Like many boozemakers, Apollo Bay Distillery in Victoria, Australia pivoted their production from alcoholic beverages to hand sanitizer when COVID-19 hit. Unfortunately though, nine bottles of their SS Casino Gin were sold that contained hand sanitizer as opposed to the alcoholic drink. The company announced a recall and so far six of the bottles have been returned.
According to the company's notice, "Consumption of the product may have side effects including nausea, headaches, dizziness, bloating, vomiting, thirst and diarrhea."
Doesn't gin have those same side effects though? Anyway, here's more from ABC News:
The bottles were all sold through the Great Ocean Road Brewhouse bottleshop.
A spokesman for the Apollo Bay Distillery said one woman had reported feeling nauseous after consuming the hand sanitiser, but had since recovered.
"The bottles were incorrectly labelled and had no seal," the spokesman said.
"We understand they are not toxic.
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Some people take their libations and isolations very seriously. Read the rest
According to the suggestions of a professional golfer whose video was tweeted today by Donald Trump's companies, drinking an entire bottle of vodka every day will 'kill' coronavirus. There's only one problem with this advice: it is not true, and may harm you. Read the rest
San Francisco is jamming on the wine deliveries. Unsurprisingly alcohol isn't the greatest thing for your immune system.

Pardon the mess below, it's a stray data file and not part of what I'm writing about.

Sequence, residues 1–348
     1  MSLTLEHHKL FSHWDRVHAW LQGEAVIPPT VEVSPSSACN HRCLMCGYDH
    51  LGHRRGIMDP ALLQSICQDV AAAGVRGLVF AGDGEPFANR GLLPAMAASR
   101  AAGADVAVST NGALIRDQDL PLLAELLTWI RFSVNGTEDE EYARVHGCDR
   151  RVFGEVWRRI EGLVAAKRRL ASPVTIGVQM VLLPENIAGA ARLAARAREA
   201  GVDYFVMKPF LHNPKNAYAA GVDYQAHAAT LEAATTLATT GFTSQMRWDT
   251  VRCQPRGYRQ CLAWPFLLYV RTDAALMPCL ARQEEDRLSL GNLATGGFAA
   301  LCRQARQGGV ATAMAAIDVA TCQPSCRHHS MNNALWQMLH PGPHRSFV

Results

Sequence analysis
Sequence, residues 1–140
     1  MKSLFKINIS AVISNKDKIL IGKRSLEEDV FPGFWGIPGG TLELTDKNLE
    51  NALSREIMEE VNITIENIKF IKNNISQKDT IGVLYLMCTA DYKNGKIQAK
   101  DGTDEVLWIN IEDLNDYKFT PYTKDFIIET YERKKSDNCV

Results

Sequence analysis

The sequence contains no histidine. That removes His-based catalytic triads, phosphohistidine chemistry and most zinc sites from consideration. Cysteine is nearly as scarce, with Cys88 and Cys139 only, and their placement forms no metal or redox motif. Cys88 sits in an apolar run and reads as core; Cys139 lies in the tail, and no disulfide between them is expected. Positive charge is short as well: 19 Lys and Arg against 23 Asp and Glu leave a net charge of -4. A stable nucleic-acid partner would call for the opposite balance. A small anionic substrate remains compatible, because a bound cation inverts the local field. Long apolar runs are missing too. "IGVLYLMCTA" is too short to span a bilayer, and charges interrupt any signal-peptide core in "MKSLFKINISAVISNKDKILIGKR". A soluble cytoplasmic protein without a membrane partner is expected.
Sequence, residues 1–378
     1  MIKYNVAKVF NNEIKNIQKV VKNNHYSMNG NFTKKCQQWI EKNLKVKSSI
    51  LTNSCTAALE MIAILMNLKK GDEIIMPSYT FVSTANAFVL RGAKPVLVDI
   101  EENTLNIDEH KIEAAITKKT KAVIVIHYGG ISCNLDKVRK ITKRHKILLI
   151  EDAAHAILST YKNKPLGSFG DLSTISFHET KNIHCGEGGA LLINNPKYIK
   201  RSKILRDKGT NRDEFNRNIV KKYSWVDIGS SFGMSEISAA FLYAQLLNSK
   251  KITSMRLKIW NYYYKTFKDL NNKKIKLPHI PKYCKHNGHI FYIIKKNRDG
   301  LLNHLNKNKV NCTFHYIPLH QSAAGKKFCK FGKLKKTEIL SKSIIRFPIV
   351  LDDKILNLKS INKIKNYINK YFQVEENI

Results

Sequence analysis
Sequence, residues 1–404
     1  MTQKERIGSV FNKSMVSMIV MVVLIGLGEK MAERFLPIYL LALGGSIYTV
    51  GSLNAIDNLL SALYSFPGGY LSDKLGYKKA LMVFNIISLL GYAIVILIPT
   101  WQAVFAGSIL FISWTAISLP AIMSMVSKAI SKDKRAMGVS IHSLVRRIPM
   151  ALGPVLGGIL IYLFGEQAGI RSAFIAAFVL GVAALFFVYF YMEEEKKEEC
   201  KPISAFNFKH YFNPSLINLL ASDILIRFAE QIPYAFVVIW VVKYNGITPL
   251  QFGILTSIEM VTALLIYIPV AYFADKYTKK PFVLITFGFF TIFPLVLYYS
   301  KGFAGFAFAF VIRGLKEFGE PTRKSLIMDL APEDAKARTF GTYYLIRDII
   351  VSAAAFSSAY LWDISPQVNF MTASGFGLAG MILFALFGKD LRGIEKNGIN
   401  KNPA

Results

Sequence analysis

You’d be forgiven for blacking out around sundown and not having even noticed yet that liquor stores across San Francisco are being forced to close at 8 p.m. every night now, according to KRON 4. Mayor Breed issued that order Friday, another of the expanded shelter in place orders now in effect until at least May 1. Any cursory scrolling of social media you’ve done in the last two weeks — and yes, it has only been 14 days since this started — will show you that drinking alcohol has become a preferred pastime in the age of COVID-19. We now have the data to back this “No sh*t, Sherlock” observation; on the heels of Eater National's report that alcohol sales are skyrocketing (“Three-liter boxed wine is up 53 percent”), the Chronicle follows up with a report that Wine.com is seeing a 400 percent increase in spirits sales, from which Eater highlights the conclusion that Bay Area residents are drinking 42 percent more alcohol whilst stuck home.
Casablanca is one of the greatest drinking and smoking movies of all time. Read the rest
"When they keep drinking this, there’s going to be more people poisoned."